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Why you should renew your child’s 5-year passport after 4 years

May 08, 2022
5 min read
Child sits on suitcase being packed for a trip
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For families who love to travel, there’s something especially exciting about a child’s first passport. It’s the travel document equivalent of the new car smell — that crisp cover and unmarked pages feel like the first steps to exploring the world as a family.

However, before you start planning your next great family adventure with your kids, take a good look at their passports. You most likely know that kids under 16 are issued five-year passports as opposed to the 10-year ones that U.S. citizens 16 and older receive.

What you might not realize is that you most likely need to renew those five-year passports at the four-year mark. (A lesson, I’m embarrassed to admit as a full-time travel journalist, that I learned the hard way during spring break this year when I realized my son's passport was expiring in a month and our long-haul travel plans would no longer work.)

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Related: A lesson in passport expiration dates — Reader Mistake Story

Why, you may ask, with the myriad other considerations for family travel to juggle would you need to start this process so early? Let me break it down for you month by month.

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Passport validity rule — 6 months, minimum

Here’s something that may come as a surprise if you haven’t experienced it before: Many countries require that you have a passport that will be valid for six months after entry. That means if your child’s passport is set to expire six months or less from when you arrive at your destination, you can be denied entry or even prohibited from boarding your flight, although the airlines rarely alert you to this when you're booking.

This six-month rule is not the case for every country, but it's applicable to the 26 European nations in the Schengen Treaty, as well as most of South America, Africa and Asia.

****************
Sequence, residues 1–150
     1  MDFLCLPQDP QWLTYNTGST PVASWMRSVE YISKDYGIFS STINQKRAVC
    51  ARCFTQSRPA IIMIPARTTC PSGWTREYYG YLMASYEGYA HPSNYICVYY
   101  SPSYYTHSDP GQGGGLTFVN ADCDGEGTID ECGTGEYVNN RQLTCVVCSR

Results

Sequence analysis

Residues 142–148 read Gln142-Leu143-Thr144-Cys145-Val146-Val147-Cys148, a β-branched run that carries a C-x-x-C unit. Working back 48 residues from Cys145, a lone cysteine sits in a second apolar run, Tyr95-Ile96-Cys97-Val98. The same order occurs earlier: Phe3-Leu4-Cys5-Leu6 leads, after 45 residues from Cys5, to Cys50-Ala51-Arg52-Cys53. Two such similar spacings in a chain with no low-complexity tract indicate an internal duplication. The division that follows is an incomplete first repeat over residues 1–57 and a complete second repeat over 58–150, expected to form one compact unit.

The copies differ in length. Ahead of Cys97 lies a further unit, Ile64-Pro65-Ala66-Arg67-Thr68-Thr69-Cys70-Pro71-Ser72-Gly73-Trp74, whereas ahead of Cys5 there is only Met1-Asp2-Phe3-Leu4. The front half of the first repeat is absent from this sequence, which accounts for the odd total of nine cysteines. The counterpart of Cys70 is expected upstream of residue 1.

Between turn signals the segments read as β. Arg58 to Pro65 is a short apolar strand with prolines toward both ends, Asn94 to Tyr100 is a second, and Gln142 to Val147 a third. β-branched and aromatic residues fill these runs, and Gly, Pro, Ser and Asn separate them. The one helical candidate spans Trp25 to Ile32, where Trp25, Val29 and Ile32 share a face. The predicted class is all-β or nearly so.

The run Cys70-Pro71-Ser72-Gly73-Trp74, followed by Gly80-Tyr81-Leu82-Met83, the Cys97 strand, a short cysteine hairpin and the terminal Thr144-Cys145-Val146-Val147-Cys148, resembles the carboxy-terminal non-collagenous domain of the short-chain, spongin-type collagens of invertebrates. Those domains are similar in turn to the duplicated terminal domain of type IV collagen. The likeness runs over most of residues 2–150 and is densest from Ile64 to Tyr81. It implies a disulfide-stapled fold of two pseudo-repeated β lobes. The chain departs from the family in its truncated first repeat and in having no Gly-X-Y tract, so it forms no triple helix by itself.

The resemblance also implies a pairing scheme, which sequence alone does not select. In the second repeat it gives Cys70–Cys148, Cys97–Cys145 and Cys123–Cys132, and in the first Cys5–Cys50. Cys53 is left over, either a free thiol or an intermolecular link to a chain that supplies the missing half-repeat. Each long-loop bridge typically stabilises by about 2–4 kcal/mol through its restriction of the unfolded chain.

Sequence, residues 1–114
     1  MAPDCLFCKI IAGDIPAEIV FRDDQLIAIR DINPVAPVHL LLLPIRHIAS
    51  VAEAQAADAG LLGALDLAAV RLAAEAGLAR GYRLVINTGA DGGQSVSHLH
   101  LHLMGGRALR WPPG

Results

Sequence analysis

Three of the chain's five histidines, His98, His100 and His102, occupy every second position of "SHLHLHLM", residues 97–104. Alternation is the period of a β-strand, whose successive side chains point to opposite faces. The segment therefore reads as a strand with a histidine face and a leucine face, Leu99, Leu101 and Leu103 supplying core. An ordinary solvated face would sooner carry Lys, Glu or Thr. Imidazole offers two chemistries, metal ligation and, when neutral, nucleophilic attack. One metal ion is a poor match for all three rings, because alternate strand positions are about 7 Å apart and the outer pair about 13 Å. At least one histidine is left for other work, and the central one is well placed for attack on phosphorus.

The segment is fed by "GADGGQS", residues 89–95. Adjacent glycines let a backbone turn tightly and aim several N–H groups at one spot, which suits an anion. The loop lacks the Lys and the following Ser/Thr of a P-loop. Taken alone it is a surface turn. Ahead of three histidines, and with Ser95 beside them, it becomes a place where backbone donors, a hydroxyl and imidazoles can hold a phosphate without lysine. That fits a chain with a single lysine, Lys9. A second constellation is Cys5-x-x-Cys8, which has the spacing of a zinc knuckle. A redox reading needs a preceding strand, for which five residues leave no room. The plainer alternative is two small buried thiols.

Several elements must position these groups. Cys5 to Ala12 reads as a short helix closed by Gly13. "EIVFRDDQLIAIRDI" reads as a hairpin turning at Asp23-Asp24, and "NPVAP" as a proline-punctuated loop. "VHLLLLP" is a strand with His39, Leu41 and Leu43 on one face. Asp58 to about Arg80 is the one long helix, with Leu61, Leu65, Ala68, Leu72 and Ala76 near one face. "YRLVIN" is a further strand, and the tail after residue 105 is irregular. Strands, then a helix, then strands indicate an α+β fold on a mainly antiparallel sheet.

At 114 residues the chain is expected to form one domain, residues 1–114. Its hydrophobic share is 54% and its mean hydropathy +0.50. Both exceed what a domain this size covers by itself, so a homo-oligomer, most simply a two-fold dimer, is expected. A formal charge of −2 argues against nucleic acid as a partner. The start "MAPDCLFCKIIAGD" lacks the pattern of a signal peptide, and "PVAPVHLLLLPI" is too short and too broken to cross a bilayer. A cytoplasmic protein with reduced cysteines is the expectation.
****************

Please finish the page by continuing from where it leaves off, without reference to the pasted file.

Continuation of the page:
So, if you’re traveling abroad, you’ve already lost six months from that five-year passport since you’ll need it to be valid for six months past your travel date. Also, you, a parent who knows to expect the unexpected, have probably already realized that you don’t want to have exactly six months from your precise travel date, so let’s say seven months to be safe.

Related: Everything you need to know about getting your child’s passport

(Photo by Summer Hull/The Points Guy)

In person appointments — 2 to 4 weeks

Here's another bump in the renewal road: Children’s passports need to be applied for in person — no exception — and each passport is treated as new, so you can't simply renew. Additionally, both parents must be present (although if one parent can’t appear in person, they can print out the Statement of Consent and have it notarized for the attending parent to bring along with copies of their photo ID).

Can you manage that in a week or two weeks? Nope, me neither. Even if you can find a passport facility that allows walk-in appointments, and your kids don’t have after-school activities, and you and your spouse are free, you’ll still need some flexibility and wiggle room to make a plan since you’ll also need to get passport photos of your child before you apply at that in-person appointment. Depending on how quickly you can move, this step can take anywhere from a week to a month. (Note that some passport application sites will take a photo for an additional fee.)